“Here we are at the sump pump,” said Pablo Zuñiga, director of the Art Museum of the Americas.
And so we were. But this was unlike any sump pump I’d ever seen. The tall cylinder that held its machinery was painted pink and green and adorned with cubist faces, floating eyes and geometric glyphs. This was sump pump as modern art.
Zuñiga and I were standing somewhere below Virginia Avenue NW, in a pedestrian tunnel that runs between the handsome 17th Street headquarters of the Organization of American States and its administration building, a block and a half to the west.
The buildings’ circulatory system — water pipes and electrical conduits — ran along the wall on one side. Painted on the other wall — all 535 feet of it (and on the sump pump set into an alcove) — was a colorful mural.
At nearly as long as the Washington Monument is tall, Uruguayan artist Carlos Páez Vilaró’s mural is one of the city’s most interesting works of art. For more than 50 years, it has pretty much been seen only by OAS employees. But, now, others can see it during public tours.
Zuñiga is a lawyer from Prince George’s County whose career at the OAS has included running its public diplomacy office. He was tapped two years ago to head the Art Museum of the Americas, a gem housed in what was once the official residence of the OAS secretary general.
Like a lot of gems, the museum has been somewhat hidden.
“Introverted,” is how Zuñiga put it, adding, “We’re waking it up.”
The Organization of American States was founded in 1890. Back then, it was known as the Pan-American Union. It was a proto-United Nations formed to allow diplomats from the tip of South America to the tip of North America to address common issues.
Sharing, celebrating and displaying the cultures of those countries has been a part of the organization’s mandate from nearly the beginning. That effort was energized by José Gomez Sicré, a Cuban emigre who in the late 1940s started assembling a collection of works by artists from member countries.
Among the artists Gomez Sicré championed was Páez Vilaró, whom he met in Uruguay when a Páez Vilaró mural was being demolished: The bus station on which it was painted was being torn down.
Gomez Sicré told him he had the perfect place for a new mural. “We can’t pay you,” Gomez Sicré said. “But it’s going to be a historic spot.”
That was the tunnel.
The artist arrived in Washington in November 1960 and set to work. Art students from the University of Maryland and the Corcoran School of Art three blocks away were enlisted to help out. Some, Zuñiga said, donned roller skates so they could quickly ferry supplies along the tunnel.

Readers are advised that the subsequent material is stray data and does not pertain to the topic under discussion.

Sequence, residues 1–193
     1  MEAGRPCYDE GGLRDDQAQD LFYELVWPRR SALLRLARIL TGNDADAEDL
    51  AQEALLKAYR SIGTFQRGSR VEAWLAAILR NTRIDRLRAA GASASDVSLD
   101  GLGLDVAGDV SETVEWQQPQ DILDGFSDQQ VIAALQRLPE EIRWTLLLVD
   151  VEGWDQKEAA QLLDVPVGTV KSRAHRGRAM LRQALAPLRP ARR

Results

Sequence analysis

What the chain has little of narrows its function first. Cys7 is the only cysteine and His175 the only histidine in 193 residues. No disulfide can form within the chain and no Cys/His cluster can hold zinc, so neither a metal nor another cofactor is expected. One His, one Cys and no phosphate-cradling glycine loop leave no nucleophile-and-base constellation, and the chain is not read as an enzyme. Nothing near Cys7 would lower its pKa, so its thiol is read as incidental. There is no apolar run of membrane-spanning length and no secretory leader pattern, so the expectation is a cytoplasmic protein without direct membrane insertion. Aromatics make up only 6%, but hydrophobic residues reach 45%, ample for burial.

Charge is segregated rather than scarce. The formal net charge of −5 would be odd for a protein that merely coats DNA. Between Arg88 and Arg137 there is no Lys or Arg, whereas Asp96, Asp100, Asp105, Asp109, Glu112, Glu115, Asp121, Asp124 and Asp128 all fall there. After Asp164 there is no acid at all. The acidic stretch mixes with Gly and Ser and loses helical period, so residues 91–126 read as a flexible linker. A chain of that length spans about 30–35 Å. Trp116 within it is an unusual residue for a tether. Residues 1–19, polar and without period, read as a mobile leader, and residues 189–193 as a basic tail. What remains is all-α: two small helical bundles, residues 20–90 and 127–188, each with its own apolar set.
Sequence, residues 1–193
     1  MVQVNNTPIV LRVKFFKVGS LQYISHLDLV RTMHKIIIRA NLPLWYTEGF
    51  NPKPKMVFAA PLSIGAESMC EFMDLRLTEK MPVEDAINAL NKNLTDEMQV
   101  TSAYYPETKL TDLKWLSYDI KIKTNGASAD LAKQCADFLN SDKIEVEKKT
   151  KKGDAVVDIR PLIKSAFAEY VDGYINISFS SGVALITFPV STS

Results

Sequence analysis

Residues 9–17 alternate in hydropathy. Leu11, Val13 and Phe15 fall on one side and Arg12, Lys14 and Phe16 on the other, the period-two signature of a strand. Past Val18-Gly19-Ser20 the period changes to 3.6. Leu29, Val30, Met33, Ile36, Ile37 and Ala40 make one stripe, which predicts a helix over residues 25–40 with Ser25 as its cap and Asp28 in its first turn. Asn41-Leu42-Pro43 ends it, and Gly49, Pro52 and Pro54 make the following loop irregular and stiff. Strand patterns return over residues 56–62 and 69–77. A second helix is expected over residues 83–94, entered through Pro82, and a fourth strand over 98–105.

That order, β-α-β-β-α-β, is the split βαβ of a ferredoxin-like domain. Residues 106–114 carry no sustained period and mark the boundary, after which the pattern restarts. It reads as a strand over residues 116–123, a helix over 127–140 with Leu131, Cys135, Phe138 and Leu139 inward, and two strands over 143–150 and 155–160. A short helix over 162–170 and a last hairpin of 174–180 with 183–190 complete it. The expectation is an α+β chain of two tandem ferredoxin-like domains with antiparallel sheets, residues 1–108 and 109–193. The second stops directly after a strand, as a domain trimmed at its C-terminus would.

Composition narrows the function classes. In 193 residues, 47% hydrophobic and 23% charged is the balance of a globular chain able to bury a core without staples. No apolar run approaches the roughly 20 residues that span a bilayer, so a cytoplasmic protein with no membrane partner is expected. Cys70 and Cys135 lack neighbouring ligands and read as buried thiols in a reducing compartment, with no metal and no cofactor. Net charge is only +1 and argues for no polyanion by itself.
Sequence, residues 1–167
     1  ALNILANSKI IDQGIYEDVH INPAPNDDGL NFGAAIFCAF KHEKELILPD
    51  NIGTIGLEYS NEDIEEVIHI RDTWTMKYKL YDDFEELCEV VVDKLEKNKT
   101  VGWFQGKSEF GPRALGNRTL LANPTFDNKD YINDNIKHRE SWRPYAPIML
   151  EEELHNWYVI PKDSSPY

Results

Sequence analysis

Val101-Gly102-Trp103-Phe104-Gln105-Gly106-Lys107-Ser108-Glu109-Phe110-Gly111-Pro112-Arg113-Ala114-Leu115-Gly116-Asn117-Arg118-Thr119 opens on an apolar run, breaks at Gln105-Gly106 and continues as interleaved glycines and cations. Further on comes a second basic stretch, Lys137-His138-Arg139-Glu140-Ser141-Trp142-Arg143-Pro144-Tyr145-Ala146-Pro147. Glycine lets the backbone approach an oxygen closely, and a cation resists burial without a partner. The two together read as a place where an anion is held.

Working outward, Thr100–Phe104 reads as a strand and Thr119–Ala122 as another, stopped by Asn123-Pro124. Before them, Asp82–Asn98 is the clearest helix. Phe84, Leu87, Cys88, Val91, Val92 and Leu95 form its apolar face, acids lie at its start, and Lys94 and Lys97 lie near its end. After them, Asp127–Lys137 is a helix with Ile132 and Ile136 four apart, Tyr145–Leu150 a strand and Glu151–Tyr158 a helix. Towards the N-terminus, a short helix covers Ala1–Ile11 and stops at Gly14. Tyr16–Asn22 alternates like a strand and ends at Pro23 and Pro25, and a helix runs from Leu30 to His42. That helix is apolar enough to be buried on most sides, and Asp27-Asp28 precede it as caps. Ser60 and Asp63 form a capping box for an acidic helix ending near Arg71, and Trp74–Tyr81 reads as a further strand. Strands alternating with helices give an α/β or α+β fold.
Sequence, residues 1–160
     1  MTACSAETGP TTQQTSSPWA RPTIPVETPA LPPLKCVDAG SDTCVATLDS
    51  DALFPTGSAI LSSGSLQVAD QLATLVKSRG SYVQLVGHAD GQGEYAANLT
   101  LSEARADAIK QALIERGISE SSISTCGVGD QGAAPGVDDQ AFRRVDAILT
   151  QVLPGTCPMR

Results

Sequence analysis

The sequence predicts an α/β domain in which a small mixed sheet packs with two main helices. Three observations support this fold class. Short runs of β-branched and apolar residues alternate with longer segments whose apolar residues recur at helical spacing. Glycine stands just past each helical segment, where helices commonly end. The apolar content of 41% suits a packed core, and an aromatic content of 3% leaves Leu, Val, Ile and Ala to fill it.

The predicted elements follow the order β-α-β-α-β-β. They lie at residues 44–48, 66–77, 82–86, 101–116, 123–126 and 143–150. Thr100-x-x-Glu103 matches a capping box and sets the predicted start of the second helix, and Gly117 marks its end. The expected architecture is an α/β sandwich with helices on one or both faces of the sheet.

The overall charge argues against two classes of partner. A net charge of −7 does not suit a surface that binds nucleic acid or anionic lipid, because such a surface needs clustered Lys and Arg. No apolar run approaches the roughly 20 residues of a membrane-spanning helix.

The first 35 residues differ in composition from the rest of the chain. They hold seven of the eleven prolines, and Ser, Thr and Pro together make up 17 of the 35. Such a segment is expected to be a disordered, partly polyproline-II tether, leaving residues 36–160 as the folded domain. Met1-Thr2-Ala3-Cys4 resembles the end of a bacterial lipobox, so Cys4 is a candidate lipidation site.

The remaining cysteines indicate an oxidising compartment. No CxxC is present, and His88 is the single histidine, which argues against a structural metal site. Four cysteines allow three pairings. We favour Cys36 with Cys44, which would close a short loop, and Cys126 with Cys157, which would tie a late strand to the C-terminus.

“Carlos would shout, ‘I need yellow paint,’ and someone would get it,” Zuñiga said.
The project used 900 pounds of paint — contributed by the Inca Paint Co. of Uruguay — and 400 paint brushes. In three weeks, the mural — called “Roots of Peace” — was finished.
Páez Vilaró divided the work into 10 parts, each highlighting a different pillar of the OAS at the time. They included the eradication of ignorance, racial tolerance, technical cooperation, the preservation of folklore and closely-knit markets.
“It’s not just a painting, it’s a diplomatic statement,” Zuñiga said.
“Roots of Peace” is a long, colorful ribbon. Backgrounds of bright primary colors are emblazoned with Picassoesque figures and black-bordered symbols reminiscent of the Nazca Lines: wheels, fish, eyes . . .
A humid tunnel that’s prone to flooding — that sump pump is not for show — is not the best setting for a work of art. Before his death in 2014, Páez Vilaró returned twice to refurbish the mural, which amounted to repainting it almost entirely. It was last repainted in 2002 with the help of Roberto Arce.
Arce returned this year to fix some crumbling portions. If the museum can raise the money, he will repaint it again.
Zuñiga said Páez Vilaró hoped the diplomats who walked along the mural would gain inspiration from it.
“Every time I see it,” he said, “I see something different.”
The Art Museum of the Americas, 201 18th St. NW, is open from 10 to 5 Tuesday through Sunday. Admission is free. Currently on display is an exhibit of Páez Vilaró works on canvas and an exhibit called “Cabezas (Heads),” featuring the haunting paintings of Cuban-born Rafael Soriano (1920-2015).
Guided tunnel tours are at noon this Thursday and Aug. 29. The cost is $10, and reservations are required. Visit museum.oas.org.
For previous columns, visit washingtonpost.com/john-kelly.